As a vote on tax reform nears in the Senate, it’s encouraging to finally hear serious discussion about the impact of tax cuts on the national debt. Deficit hawks entered the fray with proposals to safeguard against the risk of making it harder in coming years for the government to balance its books, which needs to be taken into account as the Senate deliberates.
Support for the tax reform package currently on the table is generally predicated on the promise it will stimulate economic growth to levels sufficient to cover loss of revenue from lower taxes. That is far from a certainty, and it makes sense for Congress to hedge its bets on how much reform may fuel new growth in an already healthy economy.
As a Senate panel voted to pass a reform bill to the floor, another committee heard testimony from the Trump administration’s nominee to serve as chairman of the Federal Reserve Bank, who explicitly questioned whether much more economic growth is possible, with or without tax reform. Jerome Powell told the Senate Banking Committee he doubts the economy can grow more than 2 or 2.5 percent next year, noting that as we come closer to full employment, growth will slow. His viewpoint is in contrast to the Republican avowal that lower taxes for consumers and businesses will supercharge the economy to growth beyond 2 percent. But Powell’s assessment gives validity to projections by the Congressional Budget Office that suggest reform measures, as they have been disclosed so far, could increase the federal deficit by more than $1.4 trillion over 10 years.
While there is much at stake politically over whether tax reform can pass Congress this year, there is even more at stake for future generations should the measure end up making the national debt — now exceeding $200 trillion — even more intractable. Backers of reform measures argue reducing corporate tax levels will encourage companies to expand operations and hire more workers. Yet, we are now at levels approaching what economists regard as full employment, potentially mitigating the persuasiveness of the trickle-down theory of economic stimulus.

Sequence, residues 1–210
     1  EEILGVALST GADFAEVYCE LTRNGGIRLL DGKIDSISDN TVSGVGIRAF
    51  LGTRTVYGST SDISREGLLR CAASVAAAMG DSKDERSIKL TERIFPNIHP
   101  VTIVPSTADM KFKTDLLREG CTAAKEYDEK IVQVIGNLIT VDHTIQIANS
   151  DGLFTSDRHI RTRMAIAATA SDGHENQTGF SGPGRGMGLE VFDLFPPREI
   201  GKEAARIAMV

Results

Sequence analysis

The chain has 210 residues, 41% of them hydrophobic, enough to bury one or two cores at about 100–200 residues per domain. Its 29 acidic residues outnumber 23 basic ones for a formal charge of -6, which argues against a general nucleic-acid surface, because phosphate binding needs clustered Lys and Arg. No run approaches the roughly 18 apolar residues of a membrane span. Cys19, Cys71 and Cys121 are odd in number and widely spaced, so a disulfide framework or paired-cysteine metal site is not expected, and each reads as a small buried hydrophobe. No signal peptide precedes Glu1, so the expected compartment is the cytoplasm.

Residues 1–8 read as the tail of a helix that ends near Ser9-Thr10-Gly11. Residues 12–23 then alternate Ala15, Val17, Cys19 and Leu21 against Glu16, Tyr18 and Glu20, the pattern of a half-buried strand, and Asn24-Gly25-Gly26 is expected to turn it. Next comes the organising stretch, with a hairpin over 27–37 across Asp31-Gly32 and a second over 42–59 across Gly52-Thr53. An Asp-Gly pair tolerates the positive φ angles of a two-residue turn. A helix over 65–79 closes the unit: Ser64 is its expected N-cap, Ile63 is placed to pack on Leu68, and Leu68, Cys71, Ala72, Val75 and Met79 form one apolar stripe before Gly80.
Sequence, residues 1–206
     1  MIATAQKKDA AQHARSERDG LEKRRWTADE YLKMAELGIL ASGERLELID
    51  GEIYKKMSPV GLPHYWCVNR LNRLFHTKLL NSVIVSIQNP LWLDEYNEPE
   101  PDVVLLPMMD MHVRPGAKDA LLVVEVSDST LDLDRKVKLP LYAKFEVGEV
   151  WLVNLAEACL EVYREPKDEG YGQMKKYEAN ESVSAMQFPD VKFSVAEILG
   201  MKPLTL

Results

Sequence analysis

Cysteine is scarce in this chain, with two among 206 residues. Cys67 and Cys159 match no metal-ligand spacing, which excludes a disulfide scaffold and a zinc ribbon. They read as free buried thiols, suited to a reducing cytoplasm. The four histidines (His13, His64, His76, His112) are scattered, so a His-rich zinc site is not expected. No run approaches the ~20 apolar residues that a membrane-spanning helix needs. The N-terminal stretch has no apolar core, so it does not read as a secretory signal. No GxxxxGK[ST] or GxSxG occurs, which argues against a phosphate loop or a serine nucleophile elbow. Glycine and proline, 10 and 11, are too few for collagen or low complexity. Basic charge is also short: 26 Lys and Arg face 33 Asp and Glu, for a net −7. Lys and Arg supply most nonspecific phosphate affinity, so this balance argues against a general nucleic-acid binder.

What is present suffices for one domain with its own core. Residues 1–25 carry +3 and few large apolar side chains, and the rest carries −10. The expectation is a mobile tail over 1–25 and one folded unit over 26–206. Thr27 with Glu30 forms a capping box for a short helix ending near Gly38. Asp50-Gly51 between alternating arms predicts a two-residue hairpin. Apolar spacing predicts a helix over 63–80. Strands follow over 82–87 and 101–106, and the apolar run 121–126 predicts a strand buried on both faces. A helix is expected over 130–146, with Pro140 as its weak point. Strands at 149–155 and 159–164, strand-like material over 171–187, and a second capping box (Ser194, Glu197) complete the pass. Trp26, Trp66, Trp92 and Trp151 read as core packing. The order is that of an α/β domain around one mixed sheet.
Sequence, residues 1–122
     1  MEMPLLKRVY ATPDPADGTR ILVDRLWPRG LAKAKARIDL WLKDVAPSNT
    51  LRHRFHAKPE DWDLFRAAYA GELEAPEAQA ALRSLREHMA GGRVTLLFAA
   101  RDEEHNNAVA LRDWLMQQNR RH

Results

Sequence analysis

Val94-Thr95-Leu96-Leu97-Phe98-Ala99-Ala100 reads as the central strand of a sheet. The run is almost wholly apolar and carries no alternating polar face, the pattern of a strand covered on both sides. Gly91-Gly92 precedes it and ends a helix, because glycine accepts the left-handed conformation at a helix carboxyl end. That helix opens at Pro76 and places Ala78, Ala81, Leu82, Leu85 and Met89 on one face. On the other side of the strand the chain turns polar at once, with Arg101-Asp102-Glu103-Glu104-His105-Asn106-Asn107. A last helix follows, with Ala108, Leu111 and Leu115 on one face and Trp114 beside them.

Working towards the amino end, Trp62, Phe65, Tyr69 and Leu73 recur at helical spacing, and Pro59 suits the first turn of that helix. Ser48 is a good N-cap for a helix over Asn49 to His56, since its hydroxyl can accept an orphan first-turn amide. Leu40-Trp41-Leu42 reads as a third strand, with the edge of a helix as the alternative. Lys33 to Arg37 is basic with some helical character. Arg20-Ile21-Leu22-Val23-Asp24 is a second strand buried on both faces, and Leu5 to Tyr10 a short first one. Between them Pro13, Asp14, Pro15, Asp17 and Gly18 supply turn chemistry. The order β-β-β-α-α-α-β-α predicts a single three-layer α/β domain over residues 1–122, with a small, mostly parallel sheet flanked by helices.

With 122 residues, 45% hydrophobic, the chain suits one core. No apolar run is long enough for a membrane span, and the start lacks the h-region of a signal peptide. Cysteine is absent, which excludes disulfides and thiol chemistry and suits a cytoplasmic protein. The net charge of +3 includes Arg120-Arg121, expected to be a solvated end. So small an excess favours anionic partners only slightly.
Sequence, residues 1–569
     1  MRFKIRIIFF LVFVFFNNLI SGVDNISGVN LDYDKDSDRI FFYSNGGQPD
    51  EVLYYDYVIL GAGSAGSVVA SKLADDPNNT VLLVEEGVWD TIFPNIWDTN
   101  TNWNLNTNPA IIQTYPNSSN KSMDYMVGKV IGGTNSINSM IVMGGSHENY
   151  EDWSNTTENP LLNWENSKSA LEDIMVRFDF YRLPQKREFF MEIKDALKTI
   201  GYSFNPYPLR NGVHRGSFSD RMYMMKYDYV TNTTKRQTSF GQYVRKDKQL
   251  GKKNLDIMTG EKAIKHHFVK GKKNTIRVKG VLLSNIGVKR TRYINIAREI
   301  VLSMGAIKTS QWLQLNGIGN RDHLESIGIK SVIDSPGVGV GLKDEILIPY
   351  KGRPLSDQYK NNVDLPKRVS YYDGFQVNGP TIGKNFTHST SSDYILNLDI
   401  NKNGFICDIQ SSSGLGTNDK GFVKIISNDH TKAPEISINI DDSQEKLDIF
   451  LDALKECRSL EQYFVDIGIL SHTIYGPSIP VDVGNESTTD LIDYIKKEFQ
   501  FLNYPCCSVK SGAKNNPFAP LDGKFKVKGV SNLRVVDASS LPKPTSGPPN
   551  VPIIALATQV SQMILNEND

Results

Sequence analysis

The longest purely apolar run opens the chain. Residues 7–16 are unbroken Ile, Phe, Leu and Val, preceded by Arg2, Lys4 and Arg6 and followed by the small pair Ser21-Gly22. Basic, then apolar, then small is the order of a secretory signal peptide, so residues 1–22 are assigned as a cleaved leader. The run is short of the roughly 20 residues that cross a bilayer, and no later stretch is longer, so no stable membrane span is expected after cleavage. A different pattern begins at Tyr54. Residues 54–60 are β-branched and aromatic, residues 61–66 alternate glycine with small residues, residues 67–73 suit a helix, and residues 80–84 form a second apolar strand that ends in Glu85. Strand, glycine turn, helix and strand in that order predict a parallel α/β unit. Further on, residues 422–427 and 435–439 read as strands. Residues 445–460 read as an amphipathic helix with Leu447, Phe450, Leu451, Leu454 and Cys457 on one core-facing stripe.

Sen. Bob Corker, R-Tenn., a self-described deficit hawk, said he would like to see some kind of mechanism inserted into the reform measures that would allow for tax rates to increase after a period of time if the reform package fails to produce the promised levels of stimulus. That is a reasonable proposal worthy of consideration as Congress wrangles over the final details. Utah’s two senators have also historically spoken of their concerns over growing debt levels, and Sens. Orrin Hatch and Mike Lee owe it to their constituents to weigh in on the metrics of a tax reform measure as they apply to keeping government on the plus side of the balance sheet.
Any effort as intricate and complicated as tax reform will produce impacts unforeseen at the time of passage. Just who will benefit, and how much, may not be clear until some time after the next one or two tax-filing periods. It’s certainly possible for a future Congress to make adjustments if things don’t work out as planned, but we are now saddled with levels of debt that can serve as a drag on the economy and may in the future become a national security risk. Addressing that reality is worthy of prioritization at least equal to the urgency of altering the nation’s tax code.